What's Happening to Africa's Rhino?
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What's Happening to Africa's Rhino?
So many stories! Here's a quick look at the good, bad, ugly and encouraging RHINO NEWS
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Baby rhinos get second chance in S. African orphanage

Baby rhinos get second chance in S. African orphanage | What's Happening to Africa's Rhino? | Scoop.it
The baby black rhino slurps milk greedily from a cola bottle, hops around and chases its caregiver in South Africa's newest and largest orphanage for calves whose parents were poached for their horns.
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Irish police try to solve mystery as thieves go missing in Dublins secret tunnels

Irish police try to solve mystery as thieves go missing in Dublins secret tunnels | What's Happening to Africa's Rhino? | Scoop.it
Dublin police are still trying to solve the riddle of the two men who entered the city’s sewerage system last Friday – and haven’t been seen since.

 

Newspaper reports speculate that the pair were planning everything from a raid on a local bank, the theft of rhino horns worth $60million or a terrorist attack on the nearby Dublin Castle....

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Man charged over rhino theft bid

Man charged over rhino theft bid | What's Happening to Africa's Rhino? | Scoop.it
A third man arrested over the attempted theft of a rhino horn from Norwich Castle Museum is charged by police.
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Rhino horn thieves on trial in Austria

Report on Austrian Independent english news online newspaper: Four men are currently in court in Krems, Lower Austria, accused of a series of rhino horn thefts throughout Austria.

 

The two horns stolen from Burg Rastenberg were worth 170,000 Euros.

 

If found guilty they face prison sentences of up to ten years.

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Wonderful People Wednesday - Peter Milton protects rhino

Wonderful People Wednesday - Peter Milton protects rhino | What's Happening to Africa's Rhino? | Scoop.it
Saving endangered and threatened wildlife is Peter's passion and his work. Rhino, cheetah, leopards, lion in South Africa.

 

I was born in the Kalahari, a desert wilderness area, in South Africa. My parents were both nature and animal lovers and introduced a value system in me at a very young age which embraced a deep respect and love for fauna and flora. My formative years were hugely influenced by nature and conservation issues and either by accident or design, my father had me spending much time with wildlife and conservation focused people such as Prof JB Smith, Dr. Neil Rickert, and many others.... 

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Lyn du Plessis's comment, August 2, 2012 4:18 AM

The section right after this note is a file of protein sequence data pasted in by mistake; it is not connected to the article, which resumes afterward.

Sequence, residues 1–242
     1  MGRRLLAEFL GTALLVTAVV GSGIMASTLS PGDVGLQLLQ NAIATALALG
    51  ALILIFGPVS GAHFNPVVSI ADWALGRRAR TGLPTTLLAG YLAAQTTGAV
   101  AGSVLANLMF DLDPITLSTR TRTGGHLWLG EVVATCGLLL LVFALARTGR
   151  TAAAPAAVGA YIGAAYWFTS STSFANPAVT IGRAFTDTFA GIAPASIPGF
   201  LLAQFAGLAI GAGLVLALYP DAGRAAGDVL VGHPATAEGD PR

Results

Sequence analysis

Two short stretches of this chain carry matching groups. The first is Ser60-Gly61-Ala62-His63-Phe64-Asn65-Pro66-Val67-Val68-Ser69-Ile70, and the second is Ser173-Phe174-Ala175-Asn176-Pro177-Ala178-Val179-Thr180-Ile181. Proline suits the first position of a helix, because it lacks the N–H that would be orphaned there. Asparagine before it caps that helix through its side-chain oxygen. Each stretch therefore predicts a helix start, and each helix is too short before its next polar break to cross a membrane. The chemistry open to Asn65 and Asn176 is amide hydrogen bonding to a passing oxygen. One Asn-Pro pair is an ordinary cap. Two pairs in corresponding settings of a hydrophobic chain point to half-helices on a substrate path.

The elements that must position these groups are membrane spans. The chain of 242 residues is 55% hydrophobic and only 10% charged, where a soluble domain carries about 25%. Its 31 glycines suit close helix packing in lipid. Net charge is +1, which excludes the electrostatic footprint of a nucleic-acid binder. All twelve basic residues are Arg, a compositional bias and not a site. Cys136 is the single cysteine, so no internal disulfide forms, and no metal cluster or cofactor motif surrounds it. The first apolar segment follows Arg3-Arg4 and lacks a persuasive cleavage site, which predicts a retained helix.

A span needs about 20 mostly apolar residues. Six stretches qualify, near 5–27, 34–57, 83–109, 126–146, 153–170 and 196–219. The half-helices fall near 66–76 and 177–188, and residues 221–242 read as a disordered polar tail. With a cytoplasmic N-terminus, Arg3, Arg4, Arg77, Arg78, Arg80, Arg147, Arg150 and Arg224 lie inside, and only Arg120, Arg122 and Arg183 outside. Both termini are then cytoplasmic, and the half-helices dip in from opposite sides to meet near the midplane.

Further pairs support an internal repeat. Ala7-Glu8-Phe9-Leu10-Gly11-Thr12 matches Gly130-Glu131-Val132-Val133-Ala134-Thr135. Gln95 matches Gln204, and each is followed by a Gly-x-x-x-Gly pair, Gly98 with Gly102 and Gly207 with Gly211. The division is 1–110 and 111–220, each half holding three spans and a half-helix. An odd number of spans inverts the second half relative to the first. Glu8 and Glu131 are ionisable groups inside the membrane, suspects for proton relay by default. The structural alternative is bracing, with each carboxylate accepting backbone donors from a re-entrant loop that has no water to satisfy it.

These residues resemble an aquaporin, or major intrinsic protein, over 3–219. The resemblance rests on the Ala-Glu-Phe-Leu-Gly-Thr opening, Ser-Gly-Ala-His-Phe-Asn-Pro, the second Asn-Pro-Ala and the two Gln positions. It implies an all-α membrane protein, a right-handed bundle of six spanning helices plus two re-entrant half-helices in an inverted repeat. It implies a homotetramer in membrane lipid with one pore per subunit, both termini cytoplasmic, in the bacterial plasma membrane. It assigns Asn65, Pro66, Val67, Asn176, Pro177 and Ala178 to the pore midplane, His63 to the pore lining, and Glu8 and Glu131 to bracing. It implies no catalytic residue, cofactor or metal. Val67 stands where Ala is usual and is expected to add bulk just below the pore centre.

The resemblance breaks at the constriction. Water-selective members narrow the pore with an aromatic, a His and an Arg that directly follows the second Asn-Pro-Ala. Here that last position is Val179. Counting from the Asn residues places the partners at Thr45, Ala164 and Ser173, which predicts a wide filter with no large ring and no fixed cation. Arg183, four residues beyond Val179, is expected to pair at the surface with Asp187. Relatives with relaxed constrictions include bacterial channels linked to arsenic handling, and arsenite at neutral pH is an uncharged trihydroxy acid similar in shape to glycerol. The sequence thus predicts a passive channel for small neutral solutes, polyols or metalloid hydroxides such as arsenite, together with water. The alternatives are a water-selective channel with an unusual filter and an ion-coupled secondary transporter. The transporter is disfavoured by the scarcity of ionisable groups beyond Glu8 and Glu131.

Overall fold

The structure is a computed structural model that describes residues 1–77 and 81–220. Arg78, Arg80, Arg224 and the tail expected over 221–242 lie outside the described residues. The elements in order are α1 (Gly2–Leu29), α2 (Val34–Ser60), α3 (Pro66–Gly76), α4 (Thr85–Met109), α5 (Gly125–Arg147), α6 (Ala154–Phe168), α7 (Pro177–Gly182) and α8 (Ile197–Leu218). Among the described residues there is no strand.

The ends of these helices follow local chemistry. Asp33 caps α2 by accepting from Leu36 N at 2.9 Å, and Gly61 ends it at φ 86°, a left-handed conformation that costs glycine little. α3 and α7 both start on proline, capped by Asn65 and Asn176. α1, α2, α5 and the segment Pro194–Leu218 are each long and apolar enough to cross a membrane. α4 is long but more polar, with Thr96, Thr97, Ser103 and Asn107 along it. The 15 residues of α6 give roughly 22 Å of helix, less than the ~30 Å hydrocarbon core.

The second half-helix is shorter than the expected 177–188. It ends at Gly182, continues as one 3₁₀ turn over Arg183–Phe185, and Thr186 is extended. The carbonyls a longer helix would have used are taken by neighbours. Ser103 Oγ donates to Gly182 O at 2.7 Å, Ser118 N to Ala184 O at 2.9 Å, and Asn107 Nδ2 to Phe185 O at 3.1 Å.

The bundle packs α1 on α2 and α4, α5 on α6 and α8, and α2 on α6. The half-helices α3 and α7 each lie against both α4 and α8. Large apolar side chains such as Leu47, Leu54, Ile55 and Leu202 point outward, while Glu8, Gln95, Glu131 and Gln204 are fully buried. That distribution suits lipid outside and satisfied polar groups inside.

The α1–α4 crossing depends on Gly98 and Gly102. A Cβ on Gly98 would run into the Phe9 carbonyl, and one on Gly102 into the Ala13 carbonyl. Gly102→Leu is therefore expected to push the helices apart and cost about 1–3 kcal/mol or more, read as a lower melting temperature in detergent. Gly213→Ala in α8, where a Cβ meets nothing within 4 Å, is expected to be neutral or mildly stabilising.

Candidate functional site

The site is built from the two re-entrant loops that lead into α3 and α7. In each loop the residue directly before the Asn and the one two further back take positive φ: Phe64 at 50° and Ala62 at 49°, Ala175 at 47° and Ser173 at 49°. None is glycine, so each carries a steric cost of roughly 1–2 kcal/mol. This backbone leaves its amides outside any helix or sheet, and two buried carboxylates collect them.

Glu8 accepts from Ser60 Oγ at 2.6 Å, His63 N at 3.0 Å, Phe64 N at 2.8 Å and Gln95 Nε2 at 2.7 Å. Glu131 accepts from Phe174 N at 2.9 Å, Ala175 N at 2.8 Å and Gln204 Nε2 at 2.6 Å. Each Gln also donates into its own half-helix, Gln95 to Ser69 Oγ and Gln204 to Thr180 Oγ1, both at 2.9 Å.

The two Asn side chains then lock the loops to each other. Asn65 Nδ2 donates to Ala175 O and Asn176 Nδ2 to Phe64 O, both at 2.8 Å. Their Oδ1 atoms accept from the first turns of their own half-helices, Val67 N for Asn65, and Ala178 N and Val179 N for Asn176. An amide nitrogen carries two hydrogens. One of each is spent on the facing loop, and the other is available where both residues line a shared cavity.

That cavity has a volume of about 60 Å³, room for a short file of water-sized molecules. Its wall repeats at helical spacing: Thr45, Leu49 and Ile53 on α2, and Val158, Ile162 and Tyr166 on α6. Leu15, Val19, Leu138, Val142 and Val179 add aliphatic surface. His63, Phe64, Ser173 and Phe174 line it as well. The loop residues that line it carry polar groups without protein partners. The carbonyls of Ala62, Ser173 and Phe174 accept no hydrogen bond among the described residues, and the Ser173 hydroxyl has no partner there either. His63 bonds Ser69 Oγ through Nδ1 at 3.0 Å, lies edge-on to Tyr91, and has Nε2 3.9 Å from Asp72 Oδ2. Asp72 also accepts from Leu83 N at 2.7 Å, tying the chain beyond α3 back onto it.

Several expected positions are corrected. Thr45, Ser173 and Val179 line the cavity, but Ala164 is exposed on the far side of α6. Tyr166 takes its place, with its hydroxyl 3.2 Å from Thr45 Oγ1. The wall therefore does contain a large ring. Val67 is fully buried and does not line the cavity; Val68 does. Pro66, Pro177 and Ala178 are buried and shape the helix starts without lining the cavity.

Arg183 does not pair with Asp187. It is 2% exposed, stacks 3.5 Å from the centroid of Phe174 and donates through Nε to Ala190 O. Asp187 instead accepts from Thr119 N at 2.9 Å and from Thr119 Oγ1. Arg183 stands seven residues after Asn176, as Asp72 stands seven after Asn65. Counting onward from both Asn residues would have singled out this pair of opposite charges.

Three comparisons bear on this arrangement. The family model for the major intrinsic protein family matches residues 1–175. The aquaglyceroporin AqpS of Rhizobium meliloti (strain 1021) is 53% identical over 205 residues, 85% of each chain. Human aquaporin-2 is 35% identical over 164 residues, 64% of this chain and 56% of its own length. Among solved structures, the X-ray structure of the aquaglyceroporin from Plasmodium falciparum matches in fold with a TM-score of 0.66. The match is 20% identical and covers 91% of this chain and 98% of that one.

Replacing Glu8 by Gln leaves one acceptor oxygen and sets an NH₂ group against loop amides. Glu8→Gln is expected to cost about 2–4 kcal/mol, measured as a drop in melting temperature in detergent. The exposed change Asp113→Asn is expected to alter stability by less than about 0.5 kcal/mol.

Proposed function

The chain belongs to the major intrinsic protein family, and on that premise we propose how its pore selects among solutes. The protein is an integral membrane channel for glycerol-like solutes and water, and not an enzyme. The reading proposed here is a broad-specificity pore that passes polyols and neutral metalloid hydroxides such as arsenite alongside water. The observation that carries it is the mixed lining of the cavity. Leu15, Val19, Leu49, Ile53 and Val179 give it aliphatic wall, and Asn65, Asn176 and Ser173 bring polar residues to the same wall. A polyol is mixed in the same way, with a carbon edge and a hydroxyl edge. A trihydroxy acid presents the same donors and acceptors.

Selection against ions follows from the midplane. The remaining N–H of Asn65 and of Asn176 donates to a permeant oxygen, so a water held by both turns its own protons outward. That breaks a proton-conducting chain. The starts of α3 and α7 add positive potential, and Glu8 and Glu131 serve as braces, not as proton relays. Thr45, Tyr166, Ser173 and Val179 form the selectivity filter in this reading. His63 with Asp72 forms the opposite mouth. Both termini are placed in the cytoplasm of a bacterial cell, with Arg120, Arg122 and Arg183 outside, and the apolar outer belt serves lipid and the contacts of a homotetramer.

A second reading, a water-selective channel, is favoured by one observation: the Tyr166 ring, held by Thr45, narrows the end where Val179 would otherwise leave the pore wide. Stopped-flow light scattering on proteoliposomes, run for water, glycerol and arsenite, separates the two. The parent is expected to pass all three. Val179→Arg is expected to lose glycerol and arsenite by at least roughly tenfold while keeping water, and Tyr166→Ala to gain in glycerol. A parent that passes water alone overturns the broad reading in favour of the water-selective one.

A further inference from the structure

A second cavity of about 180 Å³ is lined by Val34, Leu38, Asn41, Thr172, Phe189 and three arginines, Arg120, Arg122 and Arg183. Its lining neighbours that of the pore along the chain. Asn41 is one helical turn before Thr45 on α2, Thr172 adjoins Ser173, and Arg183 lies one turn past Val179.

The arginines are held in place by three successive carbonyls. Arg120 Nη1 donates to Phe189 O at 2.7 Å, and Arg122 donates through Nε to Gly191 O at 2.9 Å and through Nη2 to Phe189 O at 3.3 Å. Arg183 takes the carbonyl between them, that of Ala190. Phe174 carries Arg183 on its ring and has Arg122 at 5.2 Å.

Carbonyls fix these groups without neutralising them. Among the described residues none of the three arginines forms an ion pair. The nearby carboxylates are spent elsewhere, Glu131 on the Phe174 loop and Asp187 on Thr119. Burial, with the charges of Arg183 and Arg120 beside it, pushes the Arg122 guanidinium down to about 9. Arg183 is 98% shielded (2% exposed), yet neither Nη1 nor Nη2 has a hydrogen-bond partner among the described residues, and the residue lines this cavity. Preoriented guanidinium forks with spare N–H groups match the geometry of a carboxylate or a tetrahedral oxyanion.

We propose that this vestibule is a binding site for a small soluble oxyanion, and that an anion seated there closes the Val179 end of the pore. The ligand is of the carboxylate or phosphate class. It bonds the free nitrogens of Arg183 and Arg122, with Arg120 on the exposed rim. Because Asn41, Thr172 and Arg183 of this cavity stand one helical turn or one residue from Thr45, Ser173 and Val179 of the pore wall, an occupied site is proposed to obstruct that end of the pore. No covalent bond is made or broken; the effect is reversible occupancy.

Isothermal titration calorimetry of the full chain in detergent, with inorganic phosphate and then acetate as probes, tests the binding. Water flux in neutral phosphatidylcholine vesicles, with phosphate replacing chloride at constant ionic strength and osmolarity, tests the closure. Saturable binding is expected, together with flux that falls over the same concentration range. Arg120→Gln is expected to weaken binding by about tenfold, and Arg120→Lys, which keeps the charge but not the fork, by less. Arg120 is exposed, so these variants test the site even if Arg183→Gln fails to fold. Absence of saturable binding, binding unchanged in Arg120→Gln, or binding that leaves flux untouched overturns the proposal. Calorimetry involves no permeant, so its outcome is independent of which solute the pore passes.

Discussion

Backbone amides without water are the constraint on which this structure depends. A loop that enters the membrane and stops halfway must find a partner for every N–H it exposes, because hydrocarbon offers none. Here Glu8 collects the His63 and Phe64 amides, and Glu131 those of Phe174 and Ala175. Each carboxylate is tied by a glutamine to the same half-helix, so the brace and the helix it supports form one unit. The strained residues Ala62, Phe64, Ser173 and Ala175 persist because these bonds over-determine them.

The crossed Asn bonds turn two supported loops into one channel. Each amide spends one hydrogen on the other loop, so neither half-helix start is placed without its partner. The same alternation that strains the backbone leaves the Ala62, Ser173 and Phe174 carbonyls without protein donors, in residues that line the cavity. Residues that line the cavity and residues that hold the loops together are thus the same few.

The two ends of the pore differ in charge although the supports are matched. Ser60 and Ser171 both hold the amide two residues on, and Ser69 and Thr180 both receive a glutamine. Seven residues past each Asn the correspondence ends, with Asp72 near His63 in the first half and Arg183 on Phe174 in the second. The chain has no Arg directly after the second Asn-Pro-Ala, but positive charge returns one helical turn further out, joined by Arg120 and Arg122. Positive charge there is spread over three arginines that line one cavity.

I wish we had more people like Peter Milton and SPOTS - thank you Peter for the wonderful work that you do x
Wildlife Margrit's comment, August 2, 2012 10:45 AM
Agreed morlyn.lyn thanks for the kind words.
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Rhino poaching syndicate on the prowl in Southern Cape, South Africa

Rhino poaching syndicate on the prowl in Southern Cape, South Africa | What's Happening to Africa's Rhino? | Scoop.it
Police in the Southern Cape believe that a rhino poaching syndicate might be at work in the region.

 

This follows the discovery of the remains of a bull this week on a farm near Mossel Bay. Despite ample security measures, the poachers killed the rhino 500 metres from the main house.

 

Police spokesperson Malcolm Pojie says preliminary reports indicate that the rhino was darted before it was de-horned.

 

"Well, it's quite clear based on the evidence that we found on the scene that a syndicate might be involved in this horrific death and we're investigating all those possibilities."

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Tracking Namibia's Rhinos - Because they're Awesome!

Tracking Namibia's Rhinos - Because they're Awesome! | What's Happening to Africa's Rhino? | Scoop.it

I scan the ochre mountains and golden hills, dotted with acacias and low shrubs, hoping a rhino will materialize. A Steenbok, one of the smaller antelopes bounces around nearby....

 

My fascination with rhinos goes back to high school, where I read Ionesco's Rhinoceros, a play about the absurdity of human nature. A few years later, I stood in front of Albrecht Dürer's woodcut of a rhinoceros at the British Museum, hypnotized by the prehistoric-looking animal with its two large horns and armor-like hide...

 

 

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How to stop rhino horn trade: Convince people it's a bogus remedy - Asian Correspondent

How to stop rhino horn trade: Convince people it's a bogus remedy - Asian Correspondent | What's Happening to Africa's Rhino? | Scoop.it

How to stop rhino horn trade: Convince people it's a bogus remedyAsian CorrespondentSouth African Rhino, pic: Jonathan Talbot, World Resources Institute.


Via Trevor TQ Harvey